Date of Award
Doctor of Philosophy (PhD)
Feed-forward inhibitory (FFI) circuits are canonical neural microcircuits. They are unique in that they are comprised of excitation rapidly followed by a time-locked inhibition. This sequence provides for a powerful computational tool, but also a challenge in the analysis and study of these circuits. In this work, mechanisms and computations of two hippocampal FFI circuits have been examined. Specifically, the modulation of synaptic strength of the excitation and the inhibition is studied during constant-frequency and naturalistic stimulus patterns to reveal how FFI circuit properties and operations are dynamically modulated during ongoing activity. In the first part, the FFI circuit dysfunction in the mouse model of Fragile X syndrome, the leading genetic cause of autism, is explored. The balance between excitation and inhibition is found to be markedly abnormal in the Fmr1 KO mouse, leading to failure of FFI circuit to perform spike modulation tasks properly. The mechanisms underlying FFI circuit dysfunction are explored and a critical role of presynaptic GABAB receptors is revealed. Specifically, excessive presynaptic GABA receptor signaling is found to suppress GABA release in a subset of hippocampal interneurons leading to excitation/inhibition imbalance. In the second part, the dynamic changes during input bursts are explored both experimentally and in a simulated circuit. Because of the short-term synaptic plasticity of individual circuit components, the burst is found to play an important role in the modulating precision of the output cell spiking. The role of dynamics balance of excitation and inhibition during bursts in output spiking precision is further explored. Overall, the balance of excitation and inhibition is found to be critical for FFI circuit performance.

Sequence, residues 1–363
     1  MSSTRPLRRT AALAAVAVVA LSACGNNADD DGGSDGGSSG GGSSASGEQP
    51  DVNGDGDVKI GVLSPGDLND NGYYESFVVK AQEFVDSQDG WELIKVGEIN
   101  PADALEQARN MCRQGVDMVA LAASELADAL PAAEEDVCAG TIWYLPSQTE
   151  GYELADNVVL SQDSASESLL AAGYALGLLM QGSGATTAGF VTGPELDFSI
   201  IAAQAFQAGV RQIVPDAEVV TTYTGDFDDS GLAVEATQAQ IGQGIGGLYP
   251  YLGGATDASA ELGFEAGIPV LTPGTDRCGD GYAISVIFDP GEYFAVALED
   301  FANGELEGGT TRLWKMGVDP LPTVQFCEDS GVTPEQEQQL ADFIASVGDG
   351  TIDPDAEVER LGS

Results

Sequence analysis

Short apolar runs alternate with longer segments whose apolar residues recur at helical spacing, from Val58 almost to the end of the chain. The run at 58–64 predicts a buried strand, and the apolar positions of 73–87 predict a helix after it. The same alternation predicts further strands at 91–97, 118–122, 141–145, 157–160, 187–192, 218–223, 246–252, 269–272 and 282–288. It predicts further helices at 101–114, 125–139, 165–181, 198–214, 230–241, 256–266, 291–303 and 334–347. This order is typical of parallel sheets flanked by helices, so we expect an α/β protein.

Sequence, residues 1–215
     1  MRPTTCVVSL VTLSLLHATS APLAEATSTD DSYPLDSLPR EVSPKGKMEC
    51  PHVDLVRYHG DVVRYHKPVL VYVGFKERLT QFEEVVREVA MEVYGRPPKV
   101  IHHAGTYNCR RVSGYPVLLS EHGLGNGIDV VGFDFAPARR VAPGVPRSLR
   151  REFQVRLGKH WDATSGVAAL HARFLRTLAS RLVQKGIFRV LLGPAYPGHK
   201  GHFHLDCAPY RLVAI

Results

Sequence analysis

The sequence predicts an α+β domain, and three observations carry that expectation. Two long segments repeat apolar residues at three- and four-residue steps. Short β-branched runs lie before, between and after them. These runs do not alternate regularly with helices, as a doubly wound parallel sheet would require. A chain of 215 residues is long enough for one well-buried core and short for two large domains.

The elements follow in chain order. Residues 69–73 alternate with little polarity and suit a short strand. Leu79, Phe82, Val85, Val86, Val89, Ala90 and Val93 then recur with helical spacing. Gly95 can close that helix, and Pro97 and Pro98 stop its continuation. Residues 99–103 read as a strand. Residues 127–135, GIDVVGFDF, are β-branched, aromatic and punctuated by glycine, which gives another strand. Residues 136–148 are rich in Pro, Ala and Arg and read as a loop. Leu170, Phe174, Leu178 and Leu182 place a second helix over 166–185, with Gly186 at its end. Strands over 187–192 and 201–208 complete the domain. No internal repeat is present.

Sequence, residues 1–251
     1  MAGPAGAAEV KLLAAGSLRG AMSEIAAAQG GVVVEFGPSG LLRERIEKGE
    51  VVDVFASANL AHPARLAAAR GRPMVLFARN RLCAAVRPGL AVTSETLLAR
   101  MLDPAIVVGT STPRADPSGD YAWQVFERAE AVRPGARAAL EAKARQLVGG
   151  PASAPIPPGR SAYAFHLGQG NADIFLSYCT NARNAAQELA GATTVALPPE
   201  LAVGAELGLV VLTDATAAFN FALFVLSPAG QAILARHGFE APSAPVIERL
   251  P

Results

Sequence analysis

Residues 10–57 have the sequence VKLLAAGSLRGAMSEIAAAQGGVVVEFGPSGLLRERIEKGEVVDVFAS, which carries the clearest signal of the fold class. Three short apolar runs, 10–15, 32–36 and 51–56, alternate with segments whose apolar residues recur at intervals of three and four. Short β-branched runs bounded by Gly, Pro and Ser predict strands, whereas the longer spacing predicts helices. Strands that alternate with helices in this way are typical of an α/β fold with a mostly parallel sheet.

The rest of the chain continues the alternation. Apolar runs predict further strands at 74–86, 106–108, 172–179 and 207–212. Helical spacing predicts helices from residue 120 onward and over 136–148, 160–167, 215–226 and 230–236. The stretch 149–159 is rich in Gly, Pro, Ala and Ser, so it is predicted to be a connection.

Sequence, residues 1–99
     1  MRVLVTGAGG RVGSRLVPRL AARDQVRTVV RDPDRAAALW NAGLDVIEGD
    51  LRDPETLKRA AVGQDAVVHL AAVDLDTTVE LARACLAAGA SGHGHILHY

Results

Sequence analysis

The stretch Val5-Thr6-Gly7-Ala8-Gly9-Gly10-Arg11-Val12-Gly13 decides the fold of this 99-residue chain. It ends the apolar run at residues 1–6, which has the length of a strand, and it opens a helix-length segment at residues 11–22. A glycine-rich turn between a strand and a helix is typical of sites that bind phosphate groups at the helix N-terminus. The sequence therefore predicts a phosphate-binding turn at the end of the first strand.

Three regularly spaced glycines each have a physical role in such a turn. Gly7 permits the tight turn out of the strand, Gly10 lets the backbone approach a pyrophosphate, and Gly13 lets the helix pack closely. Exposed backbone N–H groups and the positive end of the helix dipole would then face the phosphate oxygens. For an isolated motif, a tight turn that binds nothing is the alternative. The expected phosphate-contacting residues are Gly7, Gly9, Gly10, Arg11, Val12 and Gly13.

Vitaly A. Klyachko
Tim Holy, Barani Raman, Bruce Carlson, James Heuttner,